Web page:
Four groups are now fighting to take over Eneco, the last big Dutch energy company in public hands, it emerged on Thursday.
Eneco, currently owned by 53 local authorities including Rotterdam, is being sold via a ‘controlled auction’, which, shareholders hope, will enable them to realise the highest possible price.
A consortium made up of Rabobank and US private equity group KKR is the latest to join the fray. Eneco’s strong local presence ‘provides a strong basis for offering joint and new customers existing and new products and services together with Eneco,’ Rabobank said in a statement.
‘As a result, both organisations will be able to help their customers even more effectively in the field of sustainability, such as making their homes more energy friendly. This will help to achieve the ambitious climate goals at an accelerated pace.’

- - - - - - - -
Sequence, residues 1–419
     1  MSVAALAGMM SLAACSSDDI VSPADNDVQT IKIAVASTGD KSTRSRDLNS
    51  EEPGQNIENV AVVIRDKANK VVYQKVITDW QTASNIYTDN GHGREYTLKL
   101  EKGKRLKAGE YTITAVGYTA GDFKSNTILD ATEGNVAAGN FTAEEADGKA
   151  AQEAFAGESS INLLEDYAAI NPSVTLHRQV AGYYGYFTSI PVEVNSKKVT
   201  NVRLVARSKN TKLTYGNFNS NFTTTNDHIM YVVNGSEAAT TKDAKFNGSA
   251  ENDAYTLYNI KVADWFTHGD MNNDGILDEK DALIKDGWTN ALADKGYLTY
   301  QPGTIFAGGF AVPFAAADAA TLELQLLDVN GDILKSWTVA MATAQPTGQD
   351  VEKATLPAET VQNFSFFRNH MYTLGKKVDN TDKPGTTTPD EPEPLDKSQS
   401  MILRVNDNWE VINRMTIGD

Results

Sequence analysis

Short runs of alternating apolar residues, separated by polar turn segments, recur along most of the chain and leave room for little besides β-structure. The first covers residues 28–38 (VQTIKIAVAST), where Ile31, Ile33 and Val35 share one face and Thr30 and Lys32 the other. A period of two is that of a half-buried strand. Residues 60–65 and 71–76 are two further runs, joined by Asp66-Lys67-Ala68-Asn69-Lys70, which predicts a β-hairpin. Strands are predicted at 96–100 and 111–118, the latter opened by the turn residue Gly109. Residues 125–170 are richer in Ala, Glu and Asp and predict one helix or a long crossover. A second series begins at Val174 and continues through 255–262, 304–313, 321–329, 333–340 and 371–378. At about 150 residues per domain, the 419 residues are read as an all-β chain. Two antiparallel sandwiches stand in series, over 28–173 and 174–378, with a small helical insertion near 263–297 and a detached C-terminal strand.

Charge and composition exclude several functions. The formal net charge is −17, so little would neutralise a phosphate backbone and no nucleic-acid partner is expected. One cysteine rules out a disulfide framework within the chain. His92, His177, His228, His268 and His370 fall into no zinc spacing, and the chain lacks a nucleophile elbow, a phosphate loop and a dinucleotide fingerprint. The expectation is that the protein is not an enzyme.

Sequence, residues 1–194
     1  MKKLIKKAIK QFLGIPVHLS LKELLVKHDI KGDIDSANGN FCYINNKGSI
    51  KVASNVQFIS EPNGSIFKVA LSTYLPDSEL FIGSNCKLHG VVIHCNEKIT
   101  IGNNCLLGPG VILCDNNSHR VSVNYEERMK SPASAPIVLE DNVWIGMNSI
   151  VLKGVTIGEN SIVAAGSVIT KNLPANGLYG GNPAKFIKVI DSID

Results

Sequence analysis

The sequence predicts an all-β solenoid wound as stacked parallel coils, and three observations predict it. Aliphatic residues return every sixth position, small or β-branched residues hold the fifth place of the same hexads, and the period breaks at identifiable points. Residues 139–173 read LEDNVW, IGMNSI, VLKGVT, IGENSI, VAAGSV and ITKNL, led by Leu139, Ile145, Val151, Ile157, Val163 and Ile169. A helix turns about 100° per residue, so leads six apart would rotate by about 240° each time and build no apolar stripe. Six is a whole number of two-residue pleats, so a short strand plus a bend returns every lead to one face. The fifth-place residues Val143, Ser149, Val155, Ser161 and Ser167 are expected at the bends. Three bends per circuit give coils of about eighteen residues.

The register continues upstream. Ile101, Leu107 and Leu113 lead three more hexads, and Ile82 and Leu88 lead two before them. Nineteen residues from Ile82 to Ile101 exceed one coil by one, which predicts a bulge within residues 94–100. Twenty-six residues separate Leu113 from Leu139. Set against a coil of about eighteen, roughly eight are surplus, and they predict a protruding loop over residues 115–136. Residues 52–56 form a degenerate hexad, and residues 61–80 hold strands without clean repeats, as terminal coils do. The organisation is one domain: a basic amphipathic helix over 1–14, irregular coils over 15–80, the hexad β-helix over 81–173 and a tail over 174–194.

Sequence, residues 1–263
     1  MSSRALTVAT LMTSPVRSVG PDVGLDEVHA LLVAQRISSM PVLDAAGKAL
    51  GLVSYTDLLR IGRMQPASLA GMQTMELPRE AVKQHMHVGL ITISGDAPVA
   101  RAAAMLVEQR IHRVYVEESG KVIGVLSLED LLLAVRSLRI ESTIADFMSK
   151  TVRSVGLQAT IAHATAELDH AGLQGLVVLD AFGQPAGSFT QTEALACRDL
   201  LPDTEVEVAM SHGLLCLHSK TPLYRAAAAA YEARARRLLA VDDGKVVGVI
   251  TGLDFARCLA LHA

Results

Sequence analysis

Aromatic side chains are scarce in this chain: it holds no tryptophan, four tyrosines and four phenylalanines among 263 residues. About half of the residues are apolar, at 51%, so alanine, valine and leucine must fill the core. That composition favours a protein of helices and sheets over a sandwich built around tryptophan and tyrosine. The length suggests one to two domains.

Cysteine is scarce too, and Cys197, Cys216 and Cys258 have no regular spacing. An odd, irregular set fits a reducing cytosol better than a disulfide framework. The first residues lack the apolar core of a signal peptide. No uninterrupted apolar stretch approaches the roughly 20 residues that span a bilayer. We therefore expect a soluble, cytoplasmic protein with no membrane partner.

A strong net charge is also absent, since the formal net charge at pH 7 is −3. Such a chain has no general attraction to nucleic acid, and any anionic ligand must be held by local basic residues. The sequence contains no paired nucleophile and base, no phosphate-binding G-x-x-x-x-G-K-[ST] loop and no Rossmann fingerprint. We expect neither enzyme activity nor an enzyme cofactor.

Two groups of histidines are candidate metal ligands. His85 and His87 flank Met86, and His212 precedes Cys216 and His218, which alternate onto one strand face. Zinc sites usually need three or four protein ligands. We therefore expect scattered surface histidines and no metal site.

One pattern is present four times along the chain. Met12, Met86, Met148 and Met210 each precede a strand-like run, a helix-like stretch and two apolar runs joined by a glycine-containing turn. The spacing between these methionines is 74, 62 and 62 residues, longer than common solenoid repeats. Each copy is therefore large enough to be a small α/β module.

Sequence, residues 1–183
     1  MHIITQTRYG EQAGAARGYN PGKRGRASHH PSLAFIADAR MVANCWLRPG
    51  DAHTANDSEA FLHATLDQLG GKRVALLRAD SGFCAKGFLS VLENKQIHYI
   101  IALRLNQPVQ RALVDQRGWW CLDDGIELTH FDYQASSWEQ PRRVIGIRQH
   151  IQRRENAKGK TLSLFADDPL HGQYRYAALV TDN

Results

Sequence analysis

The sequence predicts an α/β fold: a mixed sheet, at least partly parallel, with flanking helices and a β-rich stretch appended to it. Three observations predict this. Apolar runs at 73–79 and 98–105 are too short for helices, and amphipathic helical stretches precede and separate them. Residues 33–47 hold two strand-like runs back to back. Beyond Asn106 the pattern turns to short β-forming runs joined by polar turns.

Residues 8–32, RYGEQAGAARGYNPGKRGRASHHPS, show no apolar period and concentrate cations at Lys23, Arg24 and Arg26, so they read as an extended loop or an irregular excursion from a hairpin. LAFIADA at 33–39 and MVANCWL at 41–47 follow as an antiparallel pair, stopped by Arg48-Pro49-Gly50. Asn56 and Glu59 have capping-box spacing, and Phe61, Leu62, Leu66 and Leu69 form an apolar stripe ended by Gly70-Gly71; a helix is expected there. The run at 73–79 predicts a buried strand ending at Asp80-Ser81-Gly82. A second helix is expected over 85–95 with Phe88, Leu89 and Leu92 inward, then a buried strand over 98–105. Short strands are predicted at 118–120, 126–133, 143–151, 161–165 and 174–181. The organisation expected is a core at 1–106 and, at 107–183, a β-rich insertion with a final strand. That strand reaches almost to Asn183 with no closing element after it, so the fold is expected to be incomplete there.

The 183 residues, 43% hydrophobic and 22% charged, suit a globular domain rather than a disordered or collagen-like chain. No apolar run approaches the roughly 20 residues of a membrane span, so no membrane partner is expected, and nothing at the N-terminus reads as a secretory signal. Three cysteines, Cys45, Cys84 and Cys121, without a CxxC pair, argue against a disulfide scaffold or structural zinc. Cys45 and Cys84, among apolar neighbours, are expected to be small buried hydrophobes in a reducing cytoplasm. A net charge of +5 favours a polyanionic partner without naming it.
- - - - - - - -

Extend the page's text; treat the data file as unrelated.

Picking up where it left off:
The other three potential buyers to make it through the first round approval process are pension fund PGGM and Shell, Japan’s Mitsubishi and investment company Macquarie Infrastructure.
Eneco’s value is estimated at €2.5bn to €3bn – which would generate almost €1bn for Rotterdam, which has just under 32% of the shares.
The two other big Dutch energy firms, Nuon and Essent, were sold off years ago. Nuon was bought by Swedish state-owned company Vattenfall in 2009 for €10bn and Germany’s RWE bought Essent that same year for €8.3bn.
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